ELLIOTT D. POLLACK
FOR IMMEDIATE RELEASE
December 9, 2019
The Monday Morning Quarterback
A quick analysis of important economic data released over the last week
It was another typical week on the economic data front. Good news from the consumer and housing. Not so good news for capital goods. But, overall, the picture of continued but slower growth in the economy remains intact.
First, the good news. The jobs market beat expectations and employment growth from the last two months were revised upward. The unemployment rate declined and is at a 50-year low. Wages continue to grow faster than the rate of inflation. Consumer sentiment rose to the high end of the favorable range of the last three years and consumers appear unconcerned about impeachment proceedings. Consumer credit remains under control and the ISM’s non-manufacturing index remains at levels that signal continued expansion. And Thanksgiving weekend sales, based on surveys, indicate a positive start to the holiday sales season. In addition, for the first time since records have been kept (this dates back to the 1940’s) the U.S. was a net exporter of oil and oil products for an entire month. While it was not a large number, it shows how far we have come towards energy independence.
On the other side of the coin, the ISM manufacturing index is slightly below levels that indicate expansion. And while October factory orders were positive over September, they were modestly down from a year ago.
So, overall, the data was positive on the national level.
As for Greater Phoenix, the housing data continued to show a tightening of the single family market.
Employment grew by 266,000 in November. This beat expectations of 180,000. In addition, September and October data was revised upward by a total of 41,000 jobs. Given the expectations for slower growth in the first half of 2020, gains in employment should be below 200,000 per month over that period.
The unemployment rate in November dropped to 3.5%. This is one of the lowest levels in 50 years. In October, unemployment was 3.6%. In November 2018, it was 3.7%.
Wages were up 0.2% last month and now stand 3.1% above year earlier levels. Thus, wages continue to grow faster than the rate of inflation.
The University of Michigan Consumer Sentiment Index rose to 99.2 in December. This compares to 96.8 in November and 98.3 a year ago. The index now stands at levels not seen since the Clinton administration.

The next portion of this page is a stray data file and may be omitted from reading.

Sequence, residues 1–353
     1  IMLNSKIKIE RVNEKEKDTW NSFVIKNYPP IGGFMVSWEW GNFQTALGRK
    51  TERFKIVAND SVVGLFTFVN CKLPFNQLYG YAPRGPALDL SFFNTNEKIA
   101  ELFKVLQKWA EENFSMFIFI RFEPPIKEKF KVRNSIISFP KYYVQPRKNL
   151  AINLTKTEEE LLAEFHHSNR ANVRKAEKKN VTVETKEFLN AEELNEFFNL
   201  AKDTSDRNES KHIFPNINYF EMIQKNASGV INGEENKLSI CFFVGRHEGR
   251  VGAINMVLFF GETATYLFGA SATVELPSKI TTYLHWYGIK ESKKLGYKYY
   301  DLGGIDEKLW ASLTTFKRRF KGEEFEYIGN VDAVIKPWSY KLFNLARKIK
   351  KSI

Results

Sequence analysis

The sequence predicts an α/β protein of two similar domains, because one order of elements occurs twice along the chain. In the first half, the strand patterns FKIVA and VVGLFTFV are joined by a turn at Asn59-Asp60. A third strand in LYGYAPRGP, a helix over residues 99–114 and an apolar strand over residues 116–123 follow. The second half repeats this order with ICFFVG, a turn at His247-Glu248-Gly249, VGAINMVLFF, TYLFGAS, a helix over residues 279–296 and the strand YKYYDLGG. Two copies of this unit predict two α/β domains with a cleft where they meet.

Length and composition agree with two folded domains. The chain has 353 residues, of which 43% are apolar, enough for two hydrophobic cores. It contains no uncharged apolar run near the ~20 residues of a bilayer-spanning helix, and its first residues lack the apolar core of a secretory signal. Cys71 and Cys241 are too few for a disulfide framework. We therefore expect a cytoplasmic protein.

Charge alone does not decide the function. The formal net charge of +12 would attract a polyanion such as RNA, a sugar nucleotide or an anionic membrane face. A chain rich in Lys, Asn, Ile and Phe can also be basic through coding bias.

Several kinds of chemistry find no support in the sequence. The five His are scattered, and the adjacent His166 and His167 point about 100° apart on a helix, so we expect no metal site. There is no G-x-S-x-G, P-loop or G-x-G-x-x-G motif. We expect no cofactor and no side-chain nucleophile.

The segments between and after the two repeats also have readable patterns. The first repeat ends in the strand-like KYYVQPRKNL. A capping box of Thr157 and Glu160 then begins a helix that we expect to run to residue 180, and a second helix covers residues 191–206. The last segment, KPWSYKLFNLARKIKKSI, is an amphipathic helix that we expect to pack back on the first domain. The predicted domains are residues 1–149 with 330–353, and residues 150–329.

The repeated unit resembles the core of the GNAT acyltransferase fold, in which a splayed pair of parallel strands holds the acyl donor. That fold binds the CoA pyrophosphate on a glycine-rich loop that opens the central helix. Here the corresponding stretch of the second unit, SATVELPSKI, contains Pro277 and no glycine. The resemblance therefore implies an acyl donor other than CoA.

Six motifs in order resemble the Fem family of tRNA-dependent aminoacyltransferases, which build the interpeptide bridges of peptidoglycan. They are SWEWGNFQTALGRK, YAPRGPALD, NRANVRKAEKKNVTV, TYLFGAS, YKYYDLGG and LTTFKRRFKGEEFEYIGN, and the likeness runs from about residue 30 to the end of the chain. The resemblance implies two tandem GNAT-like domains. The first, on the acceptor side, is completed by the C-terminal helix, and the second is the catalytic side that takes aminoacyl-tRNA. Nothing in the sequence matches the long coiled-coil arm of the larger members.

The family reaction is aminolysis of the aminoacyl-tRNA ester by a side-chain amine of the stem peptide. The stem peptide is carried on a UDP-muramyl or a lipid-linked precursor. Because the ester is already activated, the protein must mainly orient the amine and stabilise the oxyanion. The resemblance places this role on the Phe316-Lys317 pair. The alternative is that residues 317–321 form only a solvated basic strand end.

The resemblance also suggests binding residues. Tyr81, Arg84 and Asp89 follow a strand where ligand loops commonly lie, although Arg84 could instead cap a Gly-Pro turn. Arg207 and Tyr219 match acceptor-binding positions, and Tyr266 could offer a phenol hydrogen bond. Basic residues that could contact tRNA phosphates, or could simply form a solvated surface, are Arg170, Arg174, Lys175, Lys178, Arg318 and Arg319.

Consumer credit rose at a 5.5% annual rate in October and stood 4.8% above year earlier levels. Revolving credit, mostly credit cards, was up at a rapid 8.8% annual rate in October and stood 3.8% above a year ago while non-revolving credit was up 4.3% at an annual rate (October over September) and stood 5.1% over year earlier levels.
According to the ISM’s manufacturing index, manufacturing contracted modestly in November. The index for the month was 48.1 compared to 48.3 in October and 58.8 in November 2018. Any reading below 50 suggests manufacturing is contracting. Any reading above 50 suggests expansion.
Manufacturers’ new orders in October, following two consecutive months of decline, increased 0.3% over September. But, orders are down 1.2% from year earlier levels. That’s the fifth decline in the past six months. Thus, new orders for capital goods (non-defense not including aircraft), a proxy for business spending, is not doing well. But, it is not doing poorly either.
The ISM’s non-manufacturing index for November stood at 53.9 compared to 54.7 in October and 60.4 a year ago. Again, results above 50 suggest expansion in the non-manufacturing sector.
Construction spending in October was up 1.1% from a year ago but was down 0.8% from September. Private sector spending was down while public construction was up from a year ago and modestly down from last month.
In September, the U.S. was a net exporter of oil and oil products for the first complete month since data has been kept (starting in the 1940’s). While there are technical reasons why we will continue to import certain types of oil, the march to oil independence continues to move forward.
The supply/demand situation for resale housing in Greater Phoenix continues to tighten. In November, the number of active listings declined a modest 0.1% from October but was down 16.6% from a year ago. On the demand side, resales rose to 7,199 in November compared to 6,638 a year ago. The result of higher demand and lower supply was that prices rose 7.9% over the past year compared to less than 2% inflation.
Elliott D. Pollack & Company (EDPCo) offers a broad range of economic and real estate consulting services backed by one of the most comprehensive databases found in the nation. This information makes it possible for the firm to conduct economic forecasting, develop economic impact studies and prepare demographic analyses and forecasts. Econometric modeling and economic development analysis and planning are also part of our capabilities. EDPCo staff includes professionals with backgrounds in economics, urban planning, financial analysis, real estate development and government. These professionals serve a broad client base of both public and private sector entities that range from school districts and utility companies to law firms and real estate developers.
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